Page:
Is It Truly 'Anything That Shoots?' Blasting Open the Black Box of Firearm Socialization

Date

2024

Authors

Pyatt, Calvin Lee

Journal Title

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Abstract

Firearms in the United States have become salient in academia over the past few decades. An area with limitations, however, is early firearm socialization and its impact on adult firearm outcomes. It is assumed firearm culture is a miasma individuals embody via merely being in its presence; however, this process of internalization is catalyzed by early firearm socialization. With the Guns in American Life survey, a national survey of 3,103 U.S. adults, this study utilized different forms of firearm socialization, including passive socialization, indirect socialization, and direct socialization to evaluate adult firearm ownership and firearm policy attitudes. All forms of early firearm socialization a) increased the likelihood that a participant owned a firearm and b) were positively associated with the number of firearms owned. When adjusting for all variables, the effects for passive and indirect socialization weakened while direct socialization remained stable. Direct firearm socialization was associated with less support for restrictive firearm policies and more support for firearm carry policies. Passive socialization was associated support for both policies while indirect socialization was only associated with more support for firearm carry policies. The effects of direct socialization weakened after adjusting for the number of firearms owned. There is evidence the association between direct socialization and restrictive firearm policy attitudes was mediated by the number of firearms owned. Additional studies are needed to reaffirm these findings, see the effects over a longer period of time, and place more emphasis on the context of firearm socialization experiences.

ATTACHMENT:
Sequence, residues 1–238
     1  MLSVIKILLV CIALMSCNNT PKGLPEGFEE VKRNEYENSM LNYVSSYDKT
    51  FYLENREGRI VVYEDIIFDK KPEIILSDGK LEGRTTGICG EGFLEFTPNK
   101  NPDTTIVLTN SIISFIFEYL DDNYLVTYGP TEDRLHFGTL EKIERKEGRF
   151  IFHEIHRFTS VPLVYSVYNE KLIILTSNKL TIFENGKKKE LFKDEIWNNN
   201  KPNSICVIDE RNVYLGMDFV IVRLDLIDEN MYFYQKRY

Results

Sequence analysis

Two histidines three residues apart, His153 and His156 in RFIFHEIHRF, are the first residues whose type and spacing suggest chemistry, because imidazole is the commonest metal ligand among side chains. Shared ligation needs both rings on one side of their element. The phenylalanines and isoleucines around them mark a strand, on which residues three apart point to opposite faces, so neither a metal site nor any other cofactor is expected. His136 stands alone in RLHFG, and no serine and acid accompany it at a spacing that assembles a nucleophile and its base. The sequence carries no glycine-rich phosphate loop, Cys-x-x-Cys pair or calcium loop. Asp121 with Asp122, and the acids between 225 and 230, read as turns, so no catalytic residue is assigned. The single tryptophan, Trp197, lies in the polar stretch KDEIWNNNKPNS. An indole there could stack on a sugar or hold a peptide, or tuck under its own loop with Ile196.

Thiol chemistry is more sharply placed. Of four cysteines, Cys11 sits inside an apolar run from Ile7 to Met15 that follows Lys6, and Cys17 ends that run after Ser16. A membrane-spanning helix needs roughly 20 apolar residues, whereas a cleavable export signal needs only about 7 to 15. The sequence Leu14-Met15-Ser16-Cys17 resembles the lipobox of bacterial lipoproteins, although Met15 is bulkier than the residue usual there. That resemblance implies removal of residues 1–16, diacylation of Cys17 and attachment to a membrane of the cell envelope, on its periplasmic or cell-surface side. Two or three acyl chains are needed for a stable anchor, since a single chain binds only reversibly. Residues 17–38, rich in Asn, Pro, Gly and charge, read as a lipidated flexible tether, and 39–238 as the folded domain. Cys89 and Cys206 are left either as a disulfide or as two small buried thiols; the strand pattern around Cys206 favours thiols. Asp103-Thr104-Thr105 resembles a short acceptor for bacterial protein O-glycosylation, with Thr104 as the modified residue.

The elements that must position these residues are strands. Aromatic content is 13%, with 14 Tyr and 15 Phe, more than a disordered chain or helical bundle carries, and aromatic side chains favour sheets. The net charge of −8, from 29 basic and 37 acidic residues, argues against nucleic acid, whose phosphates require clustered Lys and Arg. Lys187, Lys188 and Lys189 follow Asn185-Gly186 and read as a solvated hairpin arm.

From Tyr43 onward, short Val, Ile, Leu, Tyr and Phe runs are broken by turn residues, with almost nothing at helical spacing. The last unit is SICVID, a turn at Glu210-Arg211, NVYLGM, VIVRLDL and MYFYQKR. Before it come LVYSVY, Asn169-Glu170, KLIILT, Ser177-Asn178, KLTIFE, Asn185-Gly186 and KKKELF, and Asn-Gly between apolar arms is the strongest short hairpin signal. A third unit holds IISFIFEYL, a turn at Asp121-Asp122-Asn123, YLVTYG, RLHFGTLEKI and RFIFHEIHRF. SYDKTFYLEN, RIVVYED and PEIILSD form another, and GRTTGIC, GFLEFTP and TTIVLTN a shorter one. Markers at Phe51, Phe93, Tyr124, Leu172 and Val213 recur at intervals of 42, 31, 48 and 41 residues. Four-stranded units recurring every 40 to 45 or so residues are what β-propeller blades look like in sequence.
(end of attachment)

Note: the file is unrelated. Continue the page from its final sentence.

Description

The full text of this item is not available at this time because the author has placed this item under an embargo until May 16, 2026.

Keywords

Firearm Ownership, Firearm Policy Attitudes, Firearm Socialization, Firearms

Citation

Department

Sociology